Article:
It’s been nearly a week since we heard the Mets were signing Curtis Granderson — enough time for the news to digest, to sleep on it, to think it over. So here we go.
After hearing about an un-Aldersonlike 4-year, $60M contract, immediate comparisons to the Jason Bay deal were a natural progression. Around the Mets beat and blogosphere, the response has been mixed in that regard, though overall the consensus seems to be defending the signing of Granderson, with people pointing to all kinds of details suggesting that the player and the current situation are much different from the one the Mets chose around this time four years ago.
Where there’s smoke, there’s fire — and there are too many small fires being snuffed out in the Grandy camp to prevent comparison to the day the Mets dumped too many dollars and years into the Bay of Jason.
As Yogi Berra might say, “it’s deja vu all over again.”
Let’s get one thing straight: I am firmly seated on the Grandwagon. I love, love, LOVE Curtis Granderson, and always have. He will bring an energy and enthusiasm to the ballpark that hasn’t been seen in Flushing since Jose Reyes was allowed to walk away. He plays hard, with intensity. He plays the game the right way. He has an infectious personality, he’s great with the media, and he’s incredibly generous in terms of giving back to the game and the community. In short, he’s a good guy — in many ways, much like David Wright.
Let’s get another thing straight: for all of the reasons above, and many more, the Mets HAD TO sign Curtis Granderson. It was absolutely, positively, the right move, right now. Beyond an uptick in ticket sales, the Mets will benefit greatly from Granderson’s presence. He lifts the image of the organization, he makes it appear (for now) that the Mets are players in the free-agent market, he will serve in a leadership role for the club’s young players, and he will bring with him the habits of a winner.
OK, do we all agree on the above? Now let’s get to the nitty-gritty: how will Granderson perform for the Mets over the next four years?
As the headline suggests, I have my doubts, and there are far too many similarities (coincidences?) between Jason Bay circa 2009 and today’s Curtis Granderson. A few to list:
Bay was coming out of his age-30 season. PEDsless history has shown us that the majority of hitters have a tendency to lose bat speed and see a decrease in performance as they get further and further away from their 20s. Granderson turns 33 in mid-March, and, homerun numbers aside, has been showing a gradual decrease in offensive performance since his age-27 season.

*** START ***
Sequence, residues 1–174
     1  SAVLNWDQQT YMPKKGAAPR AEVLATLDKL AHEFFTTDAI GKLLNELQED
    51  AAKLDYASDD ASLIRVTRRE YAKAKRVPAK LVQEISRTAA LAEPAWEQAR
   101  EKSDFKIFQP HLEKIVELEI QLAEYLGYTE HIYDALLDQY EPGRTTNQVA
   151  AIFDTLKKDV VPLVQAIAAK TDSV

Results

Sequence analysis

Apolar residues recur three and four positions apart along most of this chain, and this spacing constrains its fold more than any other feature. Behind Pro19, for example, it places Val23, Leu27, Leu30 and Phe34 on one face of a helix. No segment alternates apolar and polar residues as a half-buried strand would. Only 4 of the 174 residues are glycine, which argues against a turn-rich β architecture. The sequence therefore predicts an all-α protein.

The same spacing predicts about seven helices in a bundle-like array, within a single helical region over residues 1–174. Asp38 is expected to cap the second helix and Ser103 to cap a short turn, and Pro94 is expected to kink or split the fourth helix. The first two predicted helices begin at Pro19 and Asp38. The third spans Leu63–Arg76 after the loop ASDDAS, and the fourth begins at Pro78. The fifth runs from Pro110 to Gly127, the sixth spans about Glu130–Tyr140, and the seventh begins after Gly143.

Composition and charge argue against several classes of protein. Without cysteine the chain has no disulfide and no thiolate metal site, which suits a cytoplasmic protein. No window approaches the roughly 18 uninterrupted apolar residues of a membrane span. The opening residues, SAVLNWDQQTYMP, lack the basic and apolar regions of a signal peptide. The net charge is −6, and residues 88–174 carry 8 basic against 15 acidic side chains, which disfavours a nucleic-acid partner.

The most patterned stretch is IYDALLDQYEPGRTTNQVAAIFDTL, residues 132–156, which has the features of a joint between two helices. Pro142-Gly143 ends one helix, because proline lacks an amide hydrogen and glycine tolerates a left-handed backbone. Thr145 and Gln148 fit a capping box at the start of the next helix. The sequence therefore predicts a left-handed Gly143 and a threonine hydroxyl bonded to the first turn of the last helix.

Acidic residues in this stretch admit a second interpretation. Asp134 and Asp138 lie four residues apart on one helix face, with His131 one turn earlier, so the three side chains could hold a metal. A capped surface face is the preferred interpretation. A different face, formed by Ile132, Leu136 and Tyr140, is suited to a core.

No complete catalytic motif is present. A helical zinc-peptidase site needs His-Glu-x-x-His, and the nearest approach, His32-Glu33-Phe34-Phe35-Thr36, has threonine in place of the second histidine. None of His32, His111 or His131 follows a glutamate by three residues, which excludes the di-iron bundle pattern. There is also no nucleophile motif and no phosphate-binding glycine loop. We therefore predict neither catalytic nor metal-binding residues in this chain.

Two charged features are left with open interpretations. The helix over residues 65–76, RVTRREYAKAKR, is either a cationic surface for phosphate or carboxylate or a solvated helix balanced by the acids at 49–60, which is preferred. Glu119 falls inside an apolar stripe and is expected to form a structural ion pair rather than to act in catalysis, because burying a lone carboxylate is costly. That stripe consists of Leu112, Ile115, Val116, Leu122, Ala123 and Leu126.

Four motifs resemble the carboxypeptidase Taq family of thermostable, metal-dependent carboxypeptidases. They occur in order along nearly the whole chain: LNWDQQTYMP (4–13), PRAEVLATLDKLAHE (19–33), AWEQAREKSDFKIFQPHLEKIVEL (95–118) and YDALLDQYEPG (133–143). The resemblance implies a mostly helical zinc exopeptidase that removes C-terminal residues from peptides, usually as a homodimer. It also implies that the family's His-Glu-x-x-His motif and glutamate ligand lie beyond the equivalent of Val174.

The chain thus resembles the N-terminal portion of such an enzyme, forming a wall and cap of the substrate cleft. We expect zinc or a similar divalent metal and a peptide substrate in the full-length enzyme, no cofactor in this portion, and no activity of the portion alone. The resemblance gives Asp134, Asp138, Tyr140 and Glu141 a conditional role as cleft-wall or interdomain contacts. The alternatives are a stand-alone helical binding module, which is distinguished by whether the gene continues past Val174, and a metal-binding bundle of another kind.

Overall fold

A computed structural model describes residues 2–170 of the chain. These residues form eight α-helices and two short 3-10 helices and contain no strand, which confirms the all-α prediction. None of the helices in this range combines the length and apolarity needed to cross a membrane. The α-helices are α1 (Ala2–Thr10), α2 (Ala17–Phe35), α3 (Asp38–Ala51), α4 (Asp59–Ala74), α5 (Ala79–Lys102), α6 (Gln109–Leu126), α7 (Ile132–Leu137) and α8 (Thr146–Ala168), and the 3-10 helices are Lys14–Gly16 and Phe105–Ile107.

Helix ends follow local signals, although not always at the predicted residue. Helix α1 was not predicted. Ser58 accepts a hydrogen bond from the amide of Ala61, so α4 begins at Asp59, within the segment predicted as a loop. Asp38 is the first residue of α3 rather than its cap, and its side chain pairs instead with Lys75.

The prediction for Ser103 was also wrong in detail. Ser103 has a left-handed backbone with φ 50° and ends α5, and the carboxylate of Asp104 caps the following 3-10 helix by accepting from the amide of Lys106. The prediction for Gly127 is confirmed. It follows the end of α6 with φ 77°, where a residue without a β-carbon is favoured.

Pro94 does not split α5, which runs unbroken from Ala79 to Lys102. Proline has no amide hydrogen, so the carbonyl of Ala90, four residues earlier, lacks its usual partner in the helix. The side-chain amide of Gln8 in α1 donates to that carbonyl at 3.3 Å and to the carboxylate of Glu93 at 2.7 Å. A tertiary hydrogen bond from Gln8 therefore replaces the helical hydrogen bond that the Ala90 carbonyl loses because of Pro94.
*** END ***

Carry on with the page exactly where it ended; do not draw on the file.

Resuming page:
“Well, hold on a second, Joe — GrandyMan had a spectacular 2011 season, when he was 30, leading the AL in runs and RBI, smacking 41 HRs, and posting a .364 OBP, .552 SLG, and .913 OPS. Those stats are almost identical to his age-26 and age-27 seasons!”
Oh my, you’re right. Well, maybe we should look at what Jason Bay did as a 30-year-old: 36 HR, 119 RBI, .384 OBP, .537 SLG, .931 OPS. That production was very close to what he did in his age 26 and 27 seasons. Huh, go figure. Probably a coincidence, right?
The Stadium and Lineup Argument
“But Bay was playing in Fenway Park that year, a stadium that is notorious for beefing up the stats of righthanded hitters! And, Bay was in the middle of a Boston lineup that also included David Ortiz, Kevin Youkilis, Dustin Pedroia, Mike Lowell, and Jacoby Ellsbury, who all hit well!”
Oh jeez, you’re right. And Granderson played his home games where? Oh, that’s right — a park that is built for lefthanded power hitters, with a jet stream in right field that carries balls over the fence. And the Yankee lineup that year had some sluggers of their own, namely, Mark Teixeira, Robinson Cano, Derek Jeter, Nick Swisher, and, for half a season, Alex Rodriguez — among others. Heck, even Russell Martin banged out 18 homers in 2011, and Andruw Jones and Jorge Posada combined for another 27 from the DH spot.
For what it’s worth, in 2011, Granderson hit 20 HRs as a visitor to other parks. In 2009, 15 of Bay’s four-baggers were hit in Fenway, while 21 were hit at others. It could be argued that Bay would’ve hit even MORE homeruns had the Green Monster not interfered with his long line drives to left field.
The Homerun Length Argument
“But Joe, Curtis Granderson hit homeruns that would go out of ANY park. Maybe a few were helped by the Yankee Stadium jet stream, but he also hit a bunch of homers away from home. Didn’t you see the overlay charts?”
Oh yes, oh yes I did. Did you? And do you remember the overlay charts presented (and supposedly, researched by the Mets front office) when Jason Bay was signed? Let’s compare, courtesy of ESPN’s HitTrackerOnline …
Jason Bay 2009 (36 Homeruns) Citi Field Overlay
Curtis Granderson 2011 (41 Homeruns) Citi Field Overlay
Hmmm … do you see what I see? Maybe I need to check my eyes, but it looks like Jason Bay would’ve lost only 3 or 4 of his HRs hit in 2009 to the depths of The Field At Shea Bridge. In comparison, of the 41 homers hit by Granderson in 2011, he also would’ve lost about four. What I’m trying to show here is that there is some commonality in the arguments — we’ve been here, done that. And further, the argument that Granderson hit homeruns further than Bay did, doesn’t wash.